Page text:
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Summits old and new: what was Bob Hawke’s 1983 National Economic Summit about?

This article is part of The Conversation’s series looking at Labor’s jobs summit. Read the other articles in the series here.


The Albanese government’s Jobs and Skills Summit this week owes something to Hawke government precedent and inspiration. Held in in April 1983 in what is now Old Parliament House, the National Economic Summit enacted one of the slogans of the campaign that had recently carried Bob Hawke’s Labor Party to victory in a federal election: “Bringing Australia Together.” The National Economic Summit was all about “consensus”, another buzzword of the day.

The implied point of contrast was with the outgoing prime minister, Malcolm Fraser, seen as a divisive figure since the Whitlam dismissal of 1975. “Consensus” was also a contrast with the confrontational industrial relations of Fraser’s time in government. In 1981 alone, a bad year for industrial relations, over four million working days were lost through workplace disputes. By the time Hawke came to office, unemployment, inflation and interest rates were all in double-digits. The economy was in recession. The country was in drought.

In February 1983, before the election, the Labor opposition and the Australian Council of Trade Unions (ACTU) had signed the Prices and Incomes Accord. Its basic concept was that unions would agree to wage restraint in return for social and economic benefits – a “social wage”. Labour governments in Britain had experimented with such a compact in the 1970s, with disappointing results for the unions that signed up to it. Still, in Australia the accord had widespread support, including on the left of the union movement.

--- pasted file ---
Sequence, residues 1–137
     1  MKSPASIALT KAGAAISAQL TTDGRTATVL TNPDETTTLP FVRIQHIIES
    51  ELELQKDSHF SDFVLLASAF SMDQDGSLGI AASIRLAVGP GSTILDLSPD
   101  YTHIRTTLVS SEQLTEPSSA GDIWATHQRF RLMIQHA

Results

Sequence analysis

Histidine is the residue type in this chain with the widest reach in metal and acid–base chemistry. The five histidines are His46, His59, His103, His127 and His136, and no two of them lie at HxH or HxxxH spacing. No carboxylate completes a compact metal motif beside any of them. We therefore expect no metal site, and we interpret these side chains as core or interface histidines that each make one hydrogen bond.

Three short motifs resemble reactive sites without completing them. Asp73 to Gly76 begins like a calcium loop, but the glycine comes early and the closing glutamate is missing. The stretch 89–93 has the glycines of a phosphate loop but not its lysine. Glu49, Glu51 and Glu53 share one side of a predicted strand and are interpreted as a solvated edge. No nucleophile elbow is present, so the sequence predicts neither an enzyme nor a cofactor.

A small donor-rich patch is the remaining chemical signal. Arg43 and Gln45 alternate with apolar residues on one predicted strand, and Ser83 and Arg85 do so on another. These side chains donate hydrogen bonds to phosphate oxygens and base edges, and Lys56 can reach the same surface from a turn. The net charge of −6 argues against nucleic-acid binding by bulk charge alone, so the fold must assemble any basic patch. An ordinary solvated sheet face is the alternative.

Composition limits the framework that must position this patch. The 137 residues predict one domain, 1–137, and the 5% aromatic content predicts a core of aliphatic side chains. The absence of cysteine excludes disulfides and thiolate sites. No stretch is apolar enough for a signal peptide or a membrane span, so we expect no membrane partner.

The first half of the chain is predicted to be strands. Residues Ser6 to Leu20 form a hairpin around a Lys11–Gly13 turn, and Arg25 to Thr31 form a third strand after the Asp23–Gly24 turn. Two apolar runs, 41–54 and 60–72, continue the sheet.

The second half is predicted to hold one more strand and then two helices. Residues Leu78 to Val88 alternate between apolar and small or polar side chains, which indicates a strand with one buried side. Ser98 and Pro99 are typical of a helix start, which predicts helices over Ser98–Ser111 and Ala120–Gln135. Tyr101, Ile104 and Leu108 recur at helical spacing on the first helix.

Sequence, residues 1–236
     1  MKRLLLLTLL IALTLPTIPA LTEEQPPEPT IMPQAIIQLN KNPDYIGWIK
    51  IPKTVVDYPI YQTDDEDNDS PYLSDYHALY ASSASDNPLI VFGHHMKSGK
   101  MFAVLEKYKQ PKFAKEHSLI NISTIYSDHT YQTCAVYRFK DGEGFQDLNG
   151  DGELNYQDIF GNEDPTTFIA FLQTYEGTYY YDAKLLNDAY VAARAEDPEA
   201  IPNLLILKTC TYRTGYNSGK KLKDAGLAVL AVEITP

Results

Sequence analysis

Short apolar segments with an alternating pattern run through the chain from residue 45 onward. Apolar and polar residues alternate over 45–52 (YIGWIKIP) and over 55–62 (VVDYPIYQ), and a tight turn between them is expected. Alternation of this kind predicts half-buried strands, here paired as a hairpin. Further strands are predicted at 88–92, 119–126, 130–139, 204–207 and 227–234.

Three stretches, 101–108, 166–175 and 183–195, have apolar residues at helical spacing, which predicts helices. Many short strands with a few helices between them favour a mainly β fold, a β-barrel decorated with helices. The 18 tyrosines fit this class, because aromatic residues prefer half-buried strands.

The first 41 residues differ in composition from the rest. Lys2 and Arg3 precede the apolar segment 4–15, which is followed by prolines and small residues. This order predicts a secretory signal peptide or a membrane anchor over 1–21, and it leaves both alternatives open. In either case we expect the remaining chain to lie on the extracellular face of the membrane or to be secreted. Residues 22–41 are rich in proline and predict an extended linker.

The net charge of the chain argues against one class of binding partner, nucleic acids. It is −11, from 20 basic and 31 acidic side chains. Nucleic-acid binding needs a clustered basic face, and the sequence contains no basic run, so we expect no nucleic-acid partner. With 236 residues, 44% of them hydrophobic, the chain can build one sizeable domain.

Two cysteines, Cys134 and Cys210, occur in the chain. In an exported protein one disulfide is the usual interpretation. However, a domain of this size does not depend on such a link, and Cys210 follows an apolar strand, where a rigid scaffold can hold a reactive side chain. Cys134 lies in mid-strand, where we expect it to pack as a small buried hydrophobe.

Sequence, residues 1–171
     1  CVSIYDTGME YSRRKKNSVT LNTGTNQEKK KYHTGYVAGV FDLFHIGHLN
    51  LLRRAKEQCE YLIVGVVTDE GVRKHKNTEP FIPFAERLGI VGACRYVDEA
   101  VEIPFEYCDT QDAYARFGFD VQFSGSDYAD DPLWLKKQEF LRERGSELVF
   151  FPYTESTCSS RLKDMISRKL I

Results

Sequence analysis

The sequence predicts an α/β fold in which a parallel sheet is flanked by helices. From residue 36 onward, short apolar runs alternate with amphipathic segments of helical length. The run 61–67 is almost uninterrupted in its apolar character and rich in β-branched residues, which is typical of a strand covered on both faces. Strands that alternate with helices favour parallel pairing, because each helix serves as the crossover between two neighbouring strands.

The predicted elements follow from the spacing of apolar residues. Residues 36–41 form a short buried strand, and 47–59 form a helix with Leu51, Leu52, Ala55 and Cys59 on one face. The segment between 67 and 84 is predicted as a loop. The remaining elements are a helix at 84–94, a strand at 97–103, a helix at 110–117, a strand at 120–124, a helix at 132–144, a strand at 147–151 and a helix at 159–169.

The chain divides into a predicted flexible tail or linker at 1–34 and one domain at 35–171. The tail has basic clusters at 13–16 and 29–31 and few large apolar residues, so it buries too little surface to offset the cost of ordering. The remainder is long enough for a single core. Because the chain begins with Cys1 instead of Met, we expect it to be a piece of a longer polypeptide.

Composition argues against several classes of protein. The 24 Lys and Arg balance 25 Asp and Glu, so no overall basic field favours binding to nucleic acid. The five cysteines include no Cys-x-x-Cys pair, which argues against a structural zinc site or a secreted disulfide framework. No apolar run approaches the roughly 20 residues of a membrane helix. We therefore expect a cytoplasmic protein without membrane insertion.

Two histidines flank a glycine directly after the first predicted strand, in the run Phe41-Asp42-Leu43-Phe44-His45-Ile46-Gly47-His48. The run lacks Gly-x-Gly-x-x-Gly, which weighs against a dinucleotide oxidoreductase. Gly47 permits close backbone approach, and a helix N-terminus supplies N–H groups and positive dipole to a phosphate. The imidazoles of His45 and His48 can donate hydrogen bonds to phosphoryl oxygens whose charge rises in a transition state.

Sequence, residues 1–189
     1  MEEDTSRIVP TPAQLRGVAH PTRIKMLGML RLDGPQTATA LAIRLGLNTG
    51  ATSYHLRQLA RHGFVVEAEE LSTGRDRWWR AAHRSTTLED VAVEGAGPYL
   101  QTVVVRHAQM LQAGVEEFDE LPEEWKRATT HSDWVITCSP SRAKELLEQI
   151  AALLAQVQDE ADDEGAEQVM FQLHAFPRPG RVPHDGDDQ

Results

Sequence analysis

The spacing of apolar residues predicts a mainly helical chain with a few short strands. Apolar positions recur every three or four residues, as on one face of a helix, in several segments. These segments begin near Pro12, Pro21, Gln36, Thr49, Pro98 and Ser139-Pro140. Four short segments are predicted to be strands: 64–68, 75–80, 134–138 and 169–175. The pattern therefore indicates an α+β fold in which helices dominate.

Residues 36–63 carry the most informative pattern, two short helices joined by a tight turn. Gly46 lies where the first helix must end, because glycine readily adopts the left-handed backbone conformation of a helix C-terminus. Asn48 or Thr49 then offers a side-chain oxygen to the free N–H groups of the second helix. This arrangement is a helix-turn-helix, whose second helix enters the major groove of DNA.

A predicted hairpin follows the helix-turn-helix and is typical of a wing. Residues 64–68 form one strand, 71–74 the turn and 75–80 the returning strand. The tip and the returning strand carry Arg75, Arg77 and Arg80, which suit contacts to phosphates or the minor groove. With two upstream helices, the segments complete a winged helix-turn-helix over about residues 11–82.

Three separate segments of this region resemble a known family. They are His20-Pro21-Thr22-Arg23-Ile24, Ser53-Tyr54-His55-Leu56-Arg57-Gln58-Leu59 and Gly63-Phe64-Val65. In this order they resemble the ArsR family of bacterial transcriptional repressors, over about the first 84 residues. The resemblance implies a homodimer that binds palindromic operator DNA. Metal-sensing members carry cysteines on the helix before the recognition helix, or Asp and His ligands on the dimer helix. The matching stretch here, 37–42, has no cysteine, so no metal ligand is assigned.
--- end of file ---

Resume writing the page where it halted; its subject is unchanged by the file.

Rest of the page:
The National Economic Summit was an effort by the Hawke government to turn the accord into a tripartite agreement also involving employers. And amid a sea of men in suits, he largely succeeded.

The economic journalist Max Walsh thought Hawke was “justified in seeing the summit as a stunning political success”. In contrast with government and unions, business leaders were divided. Some wanted future wage increases to be disconnected from the inflation rate, and to be limited to improvements in productivity. Others were more willing to play ball.

By the time Bob Hawke came to power in March 1983, the country was in recession and stricken with drought. National Archives of Australia/AAP

The ACTU vice-president, Simon Crean, warned that in the absence of support for centralised wage determination, there would be a push by individual unions for wage increases – and they were likely to succeed. It was the kind of thing a union leader could say when his members still had serious industrial clout. That is not an asset the current ACTU leadership has at its disposal.

The young ACTU secretary, Bill Kelty, his hair “everywhere”, emerged as the summit’s star. The ACTU would practice wage restraint and accept higher taxes, he promised. Geoffrey Barker of The Age thought the ACTU leaders had “taken all the points as public performers”.